Electronic health records slow doctors down and distract them from meaningful face time caring for patients.
That is the sad but unsurprising finding of a time and motion study published in Tuesday’s Annals of Internal Medicine. A team of researchers determined that physicians are spending almost half of their time in the office on electronic health records (EHRs) and desk work and just 27 percent on face time with patients — which is what the vast majority of doctors went into medicine to do. Once they get home, they average another one to two hours completing EHRs.
I wish I could say I was shocked by these results. But they just add a fresh headline to old news, reinforcing what we already know too well: the more our country spends on traditional EHR software, the more time providers must spend on them, the more dissatisfied they become, the more frustrated patients feel, and the more expensive health care gets.
This is a shared problem with more than enough culpability to go around. Vendors like my company, athenahealth, and others have been required to develop EHRs that satisfy government regulations rather than the needs of providers and patients.
With limited authority and the best of intentions to oversee EHR certification and adoption, the Office of the National Coordinator for Health Information Technology continues to inflict enormous pain on our nation’s providers and care teams, turning caregivers into box-checkers and inadvertently limiting the private sector from innovating.
Motivated by more than $30 billion in incentives, vendors have lined up happily to ride the wave, building EHRs that satisfy government requirements but make it increasingly difficult and less rewarding to care for patients.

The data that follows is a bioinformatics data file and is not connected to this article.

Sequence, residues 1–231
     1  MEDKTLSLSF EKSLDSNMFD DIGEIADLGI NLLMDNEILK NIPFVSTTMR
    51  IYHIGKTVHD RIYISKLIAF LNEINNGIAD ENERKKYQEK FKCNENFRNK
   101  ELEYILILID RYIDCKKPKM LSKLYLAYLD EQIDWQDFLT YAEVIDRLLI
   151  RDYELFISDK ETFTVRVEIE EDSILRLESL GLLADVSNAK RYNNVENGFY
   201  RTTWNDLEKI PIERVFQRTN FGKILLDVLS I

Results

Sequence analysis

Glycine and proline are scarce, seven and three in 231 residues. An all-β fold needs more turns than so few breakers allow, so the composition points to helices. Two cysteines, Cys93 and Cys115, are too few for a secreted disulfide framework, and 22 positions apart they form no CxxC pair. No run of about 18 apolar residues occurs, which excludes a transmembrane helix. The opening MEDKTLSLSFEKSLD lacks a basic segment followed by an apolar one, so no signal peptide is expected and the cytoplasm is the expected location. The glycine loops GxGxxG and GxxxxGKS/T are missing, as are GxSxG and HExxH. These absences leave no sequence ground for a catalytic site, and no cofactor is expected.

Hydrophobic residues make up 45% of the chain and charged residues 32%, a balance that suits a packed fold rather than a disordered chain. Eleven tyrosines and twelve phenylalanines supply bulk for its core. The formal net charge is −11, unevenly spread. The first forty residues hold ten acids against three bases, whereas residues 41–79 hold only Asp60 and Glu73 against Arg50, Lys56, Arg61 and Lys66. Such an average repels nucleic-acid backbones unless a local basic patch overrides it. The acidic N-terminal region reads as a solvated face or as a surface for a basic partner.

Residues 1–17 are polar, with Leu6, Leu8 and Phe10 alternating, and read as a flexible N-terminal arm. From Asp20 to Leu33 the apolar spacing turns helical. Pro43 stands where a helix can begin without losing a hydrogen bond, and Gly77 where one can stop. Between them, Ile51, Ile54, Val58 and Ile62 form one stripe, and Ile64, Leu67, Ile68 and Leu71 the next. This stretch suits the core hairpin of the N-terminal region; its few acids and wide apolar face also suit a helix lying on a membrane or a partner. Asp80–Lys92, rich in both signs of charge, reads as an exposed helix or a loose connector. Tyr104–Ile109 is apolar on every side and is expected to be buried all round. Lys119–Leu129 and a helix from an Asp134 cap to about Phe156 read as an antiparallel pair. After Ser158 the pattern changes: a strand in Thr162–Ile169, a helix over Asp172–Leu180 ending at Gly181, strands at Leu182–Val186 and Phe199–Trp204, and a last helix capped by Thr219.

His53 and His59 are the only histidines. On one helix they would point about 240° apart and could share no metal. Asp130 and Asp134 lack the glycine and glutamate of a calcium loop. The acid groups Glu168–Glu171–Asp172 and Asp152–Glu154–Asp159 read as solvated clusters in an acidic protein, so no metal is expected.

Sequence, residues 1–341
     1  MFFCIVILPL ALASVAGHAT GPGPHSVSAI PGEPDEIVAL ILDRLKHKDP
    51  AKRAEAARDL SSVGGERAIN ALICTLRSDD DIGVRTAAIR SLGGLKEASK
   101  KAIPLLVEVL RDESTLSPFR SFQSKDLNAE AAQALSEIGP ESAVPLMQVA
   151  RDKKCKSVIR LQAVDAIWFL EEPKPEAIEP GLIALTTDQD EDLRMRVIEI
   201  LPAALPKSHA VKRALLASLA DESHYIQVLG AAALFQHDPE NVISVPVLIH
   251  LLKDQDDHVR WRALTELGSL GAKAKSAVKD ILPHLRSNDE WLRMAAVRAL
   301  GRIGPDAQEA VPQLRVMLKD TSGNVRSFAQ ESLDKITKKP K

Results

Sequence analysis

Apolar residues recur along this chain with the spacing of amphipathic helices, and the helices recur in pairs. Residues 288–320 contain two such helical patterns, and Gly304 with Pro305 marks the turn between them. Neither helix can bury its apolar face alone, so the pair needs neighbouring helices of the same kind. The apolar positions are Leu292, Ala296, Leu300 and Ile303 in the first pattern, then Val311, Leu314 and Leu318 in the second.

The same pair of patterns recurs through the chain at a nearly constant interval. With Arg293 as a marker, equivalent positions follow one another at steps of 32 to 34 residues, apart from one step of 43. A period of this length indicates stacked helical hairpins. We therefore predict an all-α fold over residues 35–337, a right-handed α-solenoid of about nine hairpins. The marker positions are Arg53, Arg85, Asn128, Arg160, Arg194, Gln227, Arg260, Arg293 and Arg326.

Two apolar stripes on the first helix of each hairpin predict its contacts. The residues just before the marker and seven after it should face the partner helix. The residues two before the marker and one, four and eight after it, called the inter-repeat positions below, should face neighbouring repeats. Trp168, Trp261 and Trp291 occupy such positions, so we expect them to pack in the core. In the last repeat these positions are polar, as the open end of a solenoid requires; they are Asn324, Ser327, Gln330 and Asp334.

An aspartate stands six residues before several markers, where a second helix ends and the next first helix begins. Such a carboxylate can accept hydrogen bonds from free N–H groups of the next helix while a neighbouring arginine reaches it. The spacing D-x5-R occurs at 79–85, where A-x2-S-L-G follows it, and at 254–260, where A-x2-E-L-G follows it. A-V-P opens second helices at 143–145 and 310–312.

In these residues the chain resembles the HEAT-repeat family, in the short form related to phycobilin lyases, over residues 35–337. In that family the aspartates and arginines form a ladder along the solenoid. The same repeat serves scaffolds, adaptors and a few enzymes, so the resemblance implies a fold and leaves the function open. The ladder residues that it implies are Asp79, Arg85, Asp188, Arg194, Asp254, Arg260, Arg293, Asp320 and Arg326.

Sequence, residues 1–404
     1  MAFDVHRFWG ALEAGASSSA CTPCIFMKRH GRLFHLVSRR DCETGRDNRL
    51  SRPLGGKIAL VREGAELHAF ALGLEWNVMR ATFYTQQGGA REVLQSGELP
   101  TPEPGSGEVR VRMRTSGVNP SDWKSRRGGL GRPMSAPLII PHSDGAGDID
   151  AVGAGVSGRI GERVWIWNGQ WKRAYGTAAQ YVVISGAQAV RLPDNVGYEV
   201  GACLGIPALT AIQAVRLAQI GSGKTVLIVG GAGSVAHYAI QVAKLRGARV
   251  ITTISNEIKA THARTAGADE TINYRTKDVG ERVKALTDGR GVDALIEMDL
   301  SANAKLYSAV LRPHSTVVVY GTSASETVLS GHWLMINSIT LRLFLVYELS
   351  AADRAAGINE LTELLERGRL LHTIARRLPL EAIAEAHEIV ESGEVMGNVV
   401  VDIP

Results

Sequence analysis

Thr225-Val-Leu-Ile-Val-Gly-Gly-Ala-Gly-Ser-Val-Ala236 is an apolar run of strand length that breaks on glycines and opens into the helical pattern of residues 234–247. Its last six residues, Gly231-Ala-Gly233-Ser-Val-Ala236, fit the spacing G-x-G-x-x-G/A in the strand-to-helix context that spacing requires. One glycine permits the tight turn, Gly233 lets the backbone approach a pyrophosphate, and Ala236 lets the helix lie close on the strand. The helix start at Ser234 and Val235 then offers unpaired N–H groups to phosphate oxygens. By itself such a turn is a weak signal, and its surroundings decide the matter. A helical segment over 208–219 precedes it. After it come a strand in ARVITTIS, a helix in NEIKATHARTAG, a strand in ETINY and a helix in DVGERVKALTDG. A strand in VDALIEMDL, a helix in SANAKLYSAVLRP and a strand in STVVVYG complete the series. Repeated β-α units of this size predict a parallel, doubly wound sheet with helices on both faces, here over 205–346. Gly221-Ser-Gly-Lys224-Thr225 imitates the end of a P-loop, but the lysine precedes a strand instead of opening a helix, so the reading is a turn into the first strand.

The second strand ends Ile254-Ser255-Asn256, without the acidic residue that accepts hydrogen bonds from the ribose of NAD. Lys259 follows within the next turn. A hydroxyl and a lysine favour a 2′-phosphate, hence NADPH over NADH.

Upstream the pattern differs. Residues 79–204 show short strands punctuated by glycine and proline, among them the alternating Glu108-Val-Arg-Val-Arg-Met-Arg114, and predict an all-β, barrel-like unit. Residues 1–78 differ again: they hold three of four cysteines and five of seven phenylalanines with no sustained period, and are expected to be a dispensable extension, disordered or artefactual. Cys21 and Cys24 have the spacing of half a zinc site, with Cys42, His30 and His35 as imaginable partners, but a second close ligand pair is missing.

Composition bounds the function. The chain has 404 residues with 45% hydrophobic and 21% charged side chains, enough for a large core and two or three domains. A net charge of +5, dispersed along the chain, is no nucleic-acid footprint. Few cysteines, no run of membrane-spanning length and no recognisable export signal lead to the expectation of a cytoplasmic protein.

And so, we find ourselves in 2016 using the very latest stopwatches and journals to figure out just how bad our technology problem is. The very idea that we’re measuring 21st century technological performance with 19th century technology — the clipboard and stopwatch — is a nightmare of the absurd that only health care (or possibly Terry Gilliam) could conjure up.
Do you think Facebook or Amazon arms their teams with stopwatches to see how long a friend request or book order takes? They don’t. They look under the hood, constantly, to record user experience by the keystroke and they test fixes and changes in near real-time in a continuous feedback loop.
It’s time for health care to stop retreading old ground and instead embrace the kind of user-centric innovation pioneered by the likes of Amazon, Facebook, Uber, and other network-based revolutionaries. Network-enabled technology, which my company and clients run on, is still the radical exception in health care, even though it is the norm in many other industries.
While the athenahealth EHR is far from perfect, it doesn’t require a stopwatch to measure. We can and do track exactly how much time doctors spend documenting in the exam room with a patient or after hours at home. For example, we know that women physicians work on the EHR at night more often and longer than men. This isn’t self-reported information, as in the Annals article, but is directly measured.
One of our corporate scorecard metrics (which directly affect employee bonuses) this year is to decrease the amount of time physicians spend documenting patient visits after hours. Because our EHR is delivered over a network we know exactly how much time providers and staff spend on patient care vs. administrative work, and use that data to test and drive improvements.
This type of accountability needs to become the industry norm. Key measures like after-hours EHR documentation and time spent in face-to-face patient care will help squelch health care’s technology problem, bring transparency to the most offensive solutions in the market and, more important, will chip away at care team burnout and dissatisfaction.
Improving quality while reducing costs and delighting providers and patients is the Holy Grail. We will reach it only if we reimagine the existing health care process in which we are trapped. Efforts are in the works around the country to advance price transparency. Movements are slowly taking hold around value-based reimbursement. The call to break down health care data silos has been sounded. And initiatives to boost both physician and provider engagement are taking root. But when will we declare that the software-based EHR, as we’ve known it, is dead?
I’m starting the stop watch for this declaration now.